238990 A Longitudinal Analysis of Maternal Outcomes of Repeat Cesarean Sections

Monday, October 31, 2011: 4:30 PM

Eugene Declercq, PhD , Department of Maternal and Child Health, Boston University School of Public Health, Boston, MA
Candice Belanoff, ScD , Community Health Sciences, CT-4, Boston University School of Public Health, Boston, MA
Mark McLaughlin , M2 Computing, Westborough, MA
Background. The current level of cesareans, (32.9% in 2009) is unprecedented for the U.S. and has led to growing concerns associated with the impact of repeat cesarean deliveries on both maternal and infant health outcomes. Prior research on the effects of repeat cesareans has been handicapped by the use of cross-sectional designs comparing mothers of different parity rather than the same mothers across their first and subsequent birth experiences. Methods. This study draws on the PELL database, a longitudinal dataset linking birth certificate to hospital discharge data in Massachusetts from 1998-2007, a total of 801,953 deliveries. We focus on the 116,350 women who had their first and second births recorded in the database, including, 27,264 women with two cesareans and 3,385 women with a primary cesarean followed by a VBAC. The outcomes are maternal morbidity measured by hospitalization across key perinatal periods (1st pregnancy; interpregnancy interval; 2nd pregnancy; 1 year postpartum to second birth) with upcoming multivariate analysis controlling for demographic and medical risk factors. Results. Preliminary examination found distinct patterns of hospitalization across the four possible combinations of delivery method. Mothers with consecutive cesareans had the highest rates of hospitalization prior to the first cesarean (18.9%); mothers with a vaginal birth followed by a cesarean had the highest rates of hospitalization in the interpregnancy interval (9.0%), during the second pregnancy (19.1%) and after the second birth (4.4%). Mothers with a primary cesarean followed by a VBAC generally had the lowest hospitalization rates across the four periods studied.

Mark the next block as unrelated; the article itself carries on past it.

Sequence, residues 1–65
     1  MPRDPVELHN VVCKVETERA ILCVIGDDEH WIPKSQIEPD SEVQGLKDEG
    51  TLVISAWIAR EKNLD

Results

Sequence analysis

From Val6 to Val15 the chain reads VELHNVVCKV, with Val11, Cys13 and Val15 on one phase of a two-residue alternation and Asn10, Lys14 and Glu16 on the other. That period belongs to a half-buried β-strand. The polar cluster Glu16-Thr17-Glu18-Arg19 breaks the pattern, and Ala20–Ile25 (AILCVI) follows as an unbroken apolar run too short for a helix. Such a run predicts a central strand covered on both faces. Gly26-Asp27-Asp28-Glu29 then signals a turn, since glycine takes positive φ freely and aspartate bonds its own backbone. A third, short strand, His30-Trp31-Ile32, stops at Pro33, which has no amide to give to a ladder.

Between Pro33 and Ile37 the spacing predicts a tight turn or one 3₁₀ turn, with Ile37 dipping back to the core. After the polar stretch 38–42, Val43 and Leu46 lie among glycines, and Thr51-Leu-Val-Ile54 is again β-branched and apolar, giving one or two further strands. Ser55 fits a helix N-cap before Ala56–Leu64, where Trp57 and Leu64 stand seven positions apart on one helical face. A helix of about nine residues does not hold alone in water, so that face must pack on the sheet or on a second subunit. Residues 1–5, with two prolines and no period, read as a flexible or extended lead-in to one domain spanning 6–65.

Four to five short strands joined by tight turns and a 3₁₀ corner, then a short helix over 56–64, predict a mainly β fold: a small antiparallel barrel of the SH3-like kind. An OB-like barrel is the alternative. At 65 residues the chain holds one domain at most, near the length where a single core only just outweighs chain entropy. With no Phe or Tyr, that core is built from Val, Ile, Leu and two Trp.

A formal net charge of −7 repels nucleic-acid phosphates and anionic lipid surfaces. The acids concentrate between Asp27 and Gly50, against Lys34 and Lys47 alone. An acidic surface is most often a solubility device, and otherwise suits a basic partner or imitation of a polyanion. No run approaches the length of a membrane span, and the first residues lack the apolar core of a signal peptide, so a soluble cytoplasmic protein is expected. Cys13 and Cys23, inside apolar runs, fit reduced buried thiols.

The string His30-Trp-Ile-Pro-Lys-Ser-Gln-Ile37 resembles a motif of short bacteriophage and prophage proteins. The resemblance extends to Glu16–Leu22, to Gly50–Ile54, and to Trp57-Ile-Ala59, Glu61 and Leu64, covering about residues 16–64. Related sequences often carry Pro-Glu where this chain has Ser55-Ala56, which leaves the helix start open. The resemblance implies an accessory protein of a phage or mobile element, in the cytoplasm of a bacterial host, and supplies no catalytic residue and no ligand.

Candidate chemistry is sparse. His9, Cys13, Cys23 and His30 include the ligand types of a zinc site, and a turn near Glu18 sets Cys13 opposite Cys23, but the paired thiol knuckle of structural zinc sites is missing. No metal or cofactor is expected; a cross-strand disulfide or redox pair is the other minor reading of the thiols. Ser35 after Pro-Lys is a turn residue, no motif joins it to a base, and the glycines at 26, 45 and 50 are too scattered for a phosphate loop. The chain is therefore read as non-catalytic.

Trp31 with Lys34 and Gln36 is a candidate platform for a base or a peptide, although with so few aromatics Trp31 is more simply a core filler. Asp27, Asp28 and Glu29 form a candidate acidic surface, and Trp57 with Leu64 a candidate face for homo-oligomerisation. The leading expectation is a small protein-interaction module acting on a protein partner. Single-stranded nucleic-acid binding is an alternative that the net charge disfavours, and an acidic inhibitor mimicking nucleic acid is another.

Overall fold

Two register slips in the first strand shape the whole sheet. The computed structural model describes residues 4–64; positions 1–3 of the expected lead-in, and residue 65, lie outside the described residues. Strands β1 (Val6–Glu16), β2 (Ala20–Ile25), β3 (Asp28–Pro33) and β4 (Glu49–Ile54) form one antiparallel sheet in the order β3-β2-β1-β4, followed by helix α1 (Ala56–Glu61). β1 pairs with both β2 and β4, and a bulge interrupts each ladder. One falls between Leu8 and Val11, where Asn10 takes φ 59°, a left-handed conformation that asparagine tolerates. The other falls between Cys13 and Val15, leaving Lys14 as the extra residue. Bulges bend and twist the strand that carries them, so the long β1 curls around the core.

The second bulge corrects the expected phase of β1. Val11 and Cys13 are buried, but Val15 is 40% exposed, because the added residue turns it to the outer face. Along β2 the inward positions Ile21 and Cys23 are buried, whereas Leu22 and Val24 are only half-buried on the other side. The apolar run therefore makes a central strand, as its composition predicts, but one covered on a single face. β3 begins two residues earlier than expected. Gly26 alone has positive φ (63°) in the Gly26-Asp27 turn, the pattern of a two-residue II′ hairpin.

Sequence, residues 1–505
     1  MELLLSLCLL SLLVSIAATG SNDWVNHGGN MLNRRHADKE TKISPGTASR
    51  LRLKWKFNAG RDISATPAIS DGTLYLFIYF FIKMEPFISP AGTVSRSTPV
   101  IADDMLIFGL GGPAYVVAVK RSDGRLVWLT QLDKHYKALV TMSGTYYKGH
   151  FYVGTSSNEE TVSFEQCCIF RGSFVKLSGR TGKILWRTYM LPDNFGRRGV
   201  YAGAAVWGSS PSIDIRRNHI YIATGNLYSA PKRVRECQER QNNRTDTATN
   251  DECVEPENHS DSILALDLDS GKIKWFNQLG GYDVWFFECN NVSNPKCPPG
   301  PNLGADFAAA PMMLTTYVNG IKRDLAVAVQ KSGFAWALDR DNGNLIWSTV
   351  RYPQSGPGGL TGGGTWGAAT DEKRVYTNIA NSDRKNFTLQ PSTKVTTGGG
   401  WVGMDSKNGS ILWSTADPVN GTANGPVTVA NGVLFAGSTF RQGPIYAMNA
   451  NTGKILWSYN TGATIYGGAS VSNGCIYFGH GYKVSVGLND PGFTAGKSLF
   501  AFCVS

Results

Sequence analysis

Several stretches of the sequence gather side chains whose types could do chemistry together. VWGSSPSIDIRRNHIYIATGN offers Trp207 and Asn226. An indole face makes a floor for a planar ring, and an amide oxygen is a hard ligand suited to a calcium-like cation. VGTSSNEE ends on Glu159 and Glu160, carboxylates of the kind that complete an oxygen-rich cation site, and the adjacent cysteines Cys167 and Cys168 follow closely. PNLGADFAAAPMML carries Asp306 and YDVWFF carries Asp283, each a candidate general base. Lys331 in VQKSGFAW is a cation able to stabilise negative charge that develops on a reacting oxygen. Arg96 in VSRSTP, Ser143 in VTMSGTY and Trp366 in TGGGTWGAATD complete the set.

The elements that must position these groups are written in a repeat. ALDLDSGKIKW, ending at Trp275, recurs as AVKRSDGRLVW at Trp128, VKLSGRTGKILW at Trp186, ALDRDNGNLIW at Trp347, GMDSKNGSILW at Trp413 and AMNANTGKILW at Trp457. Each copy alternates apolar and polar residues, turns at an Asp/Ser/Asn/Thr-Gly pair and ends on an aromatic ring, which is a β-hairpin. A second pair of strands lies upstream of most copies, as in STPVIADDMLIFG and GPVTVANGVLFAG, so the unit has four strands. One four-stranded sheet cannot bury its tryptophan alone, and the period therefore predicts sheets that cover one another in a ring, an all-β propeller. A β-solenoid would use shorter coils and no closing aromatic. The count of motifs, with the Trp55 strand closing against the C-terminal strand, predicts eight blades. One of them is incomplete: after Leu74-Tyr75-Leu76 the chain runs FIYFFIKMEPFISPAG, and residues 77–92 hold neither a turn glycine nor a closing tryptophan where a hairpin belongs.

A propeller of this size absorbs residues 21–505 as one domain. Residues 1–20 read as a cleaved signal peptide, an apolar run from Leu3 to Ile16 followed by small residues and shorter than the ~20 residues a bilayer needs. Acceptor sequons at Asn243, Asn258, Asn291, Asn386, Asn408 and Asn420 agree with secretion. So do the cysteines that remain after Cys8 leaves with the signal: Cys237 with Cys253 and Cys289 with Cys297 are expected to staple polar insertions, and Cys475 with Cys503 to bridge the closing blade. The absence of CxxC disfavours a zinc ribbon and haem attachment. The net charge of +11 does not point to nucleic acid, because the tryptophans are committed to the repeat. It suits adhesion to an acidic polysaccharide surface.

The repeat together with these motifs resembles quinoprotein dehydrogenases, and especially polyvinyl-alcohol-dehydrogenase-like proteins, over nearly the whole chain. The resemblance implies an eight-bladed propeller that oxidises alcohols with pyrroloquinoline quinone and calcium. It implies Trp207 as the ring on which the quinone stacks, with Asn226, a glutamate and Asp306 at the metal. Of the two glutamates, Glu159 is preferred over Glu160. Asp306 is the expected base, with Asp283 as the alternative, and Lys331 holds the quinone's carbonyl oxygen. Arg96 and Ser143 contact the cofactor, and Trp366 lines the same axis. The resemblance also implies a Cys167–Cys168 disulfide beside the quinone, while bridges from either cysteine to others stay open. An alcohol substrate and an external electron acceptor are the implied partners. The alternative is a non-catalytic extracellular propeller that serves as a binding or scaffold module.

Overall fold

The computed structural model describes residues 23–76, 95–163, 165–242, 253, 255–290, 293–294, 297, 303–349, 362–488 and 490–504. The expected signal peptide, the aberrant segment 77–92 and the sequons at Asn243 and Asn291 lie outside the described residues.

Learning Areas:
Clinical medicine applied in public health
Diversity and culture

Learning Objectives:
Attendees at this presentation will be able to: (1) Describe recent US trends in vaginal birth after cesarean(VBAC). (2) Compare the maternal outcomes associated with repeat cesareans and VBACs. (3) Identify the risks associated with having three cesarean births.

Keywords: Birth Outcomes, Maternal Health

Presenting author's disclosure statement:

Qualified on the content I am responsible for because: Designed and carried out the study.
Any relevant financial relationships? No

I agree to comply with the American Public Health Association Conflict of Interest and Commercial Support Guidelines, and to disclose to the participants any off-label or experimental uses of a commercial product or service discussed in my presentation.